From just looking at Brother Michael Ignatius, one wouldn’t suspect it. But the 61-year-old Carmelite is homeless.
For several months, his bed was a bench on a bike path near San Diego International Airport. Later, he discovered that he could get a few hours of sleep every night by taking a round trip on the San Diego Trolley’s Green Line.
And there were times when he was so hungry that he scrounged for food in dumpsters. Experience taught him that those in the Point Loma area were the best, because they often contained fresh seafood.
Brother Michael, a postulant with the Carmelite Order, voluntarily embraced homelessness as part of a one-man ministry to those living on the streets.
“Honestly, I really don’t know why I’m doing it, except for I get so much joy from doing it,” he said.
Last summer, he was working at a soup kitchen in Denver, when he felt called to serve the homeless in a more radical way. In conversation with his spiritual director, he realized what this would require.
“I needed to become homeless,” he said. “I needed to go through what they go through.”
Widowed nine years ago after almost 29 years of marriage, and with his four children already grown to adulthood, there was nothing to hold him back. He gave away essentially everything he owned. Last June, he boarded a bus to Los Angeles with his few remaining possessions, a handful of items that included a Bible, a breviary, a backpack, three changes of clothes, a sleeping bag and a blanket. After a trek north to Santa Monica, he embarked on a six-week journey by foot to San Diego, arriving there in early August.
Along the way, Brother Michael relied entirely on God’s providence — and his trust was constantly rewarded. He recalled occasions on which strangers or newfound acquaintances gave him money without his even asking; once, praying for food after going three days without it, he found a coconut lying in the beach sand and a bag of limes that had washed up on shore.
“This is the way God has been this entire journey of mine,” he said. “Anytime there was a need, it was provided.”
Brother Michael said that his is “an evolving ministry.” At the outset, there was no fixed plan for all that it would entail. But, by being open to God and the opportunities that He has presented, the ministry took shape.
During the day, he encounters people of all sorts, including young adults discerning what to do with their lives, older people who envy his freedom, Christian street preachers to whom he shares his Catholic beliefs, and, of course, the homeless themselves.
For him, engaging in ministry can be as simple as spotting a homeless person on the street and striking up a conversation. Sometimes, his interlocutor will ask if he can spare a few bucks.
“I don’t have any money, but I do have a passage for you from Scripture,” he will tell them, pulling out his Bible, reading a few verses, encouraging them to reflect on the meaning of those divinely inspired words, and concluding by asking if he can pray for their salvation.
Sometimes, at fast-food restaurants, he will pick up discarded receipts that include a “Buy one, get one free” coupon. By offering to share that second meal with a fellow homeless person, he has found yet another way to start conversations.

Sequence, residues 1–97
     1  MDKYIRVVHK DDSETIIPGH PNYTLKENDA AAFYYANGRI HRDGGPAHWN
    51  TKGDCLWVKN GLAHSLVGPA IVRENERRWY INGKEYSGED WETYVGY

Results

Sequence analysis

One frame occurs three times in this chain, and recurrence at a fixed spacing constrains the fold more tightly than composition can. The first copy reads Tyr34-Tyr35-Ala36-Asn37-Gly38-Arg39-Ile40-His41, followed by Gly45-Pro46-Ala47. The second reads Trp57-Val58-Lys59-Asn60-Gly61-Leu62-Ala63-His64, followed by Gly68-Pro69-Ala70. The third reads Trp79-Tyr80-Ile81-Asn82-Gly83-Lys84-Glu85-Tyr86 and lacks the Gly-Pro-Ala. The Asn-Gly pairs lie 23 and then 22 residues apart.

He has become so familiar with the homeless community that he can tell who is new to the area and who has been there for months. He recognizes their faces and, in many cases, knows their names and their stories.
Through his personal appearance, Brother Michael hopes to come across as the sort of person to whom others would feel comfortable talking. A cross and a scapular are the only telltale signs that he is a religious brother.
But, while he tries to blend in with his homeless brothers and sisters, he draws the line at growing unruly facial hair, looking dirty or wearing unclean clothes. He has made an effort to find those public places where he is able to shower regularly.
“I try never to look soiled, or beaten, or worn,” he said.
Brother Michael believes that many of the local homeless are unaware of the wide array of services available to them or how to receive them.
He recounted how he had been walking down C Street one day and saw two homeless men sitting on the sidewalk with a sign that said they were hungry and needed help. They were unfamiliar with the many local soup kitchens and didn’t know that, only a few blocks away, they could sign up for the Supplemental Nutrition Assistance Program (SNAP), which would enable them to purchase groceries. After Brother Michael helped them sign up, the man named Jerry was so grateful that he hugged and kissed him.
While conversing with the homeless, Brother Michael also tries to connect them with organizations that will nourish their souls as well as their bodies. He will often invite them to join him for Sunday worship at one of the many churches he has come to know. Because not all of the homeless are Catholic, he has established relationships with Christian pastors and churches of various denominations.
As part of his own spiritual routine, he prays the Divine Office and tries to attend Mass daily. He spends an average of three hours a day in prayer. This coming October, he hopes to take vows as a novice.
Full story at The Southern Cross.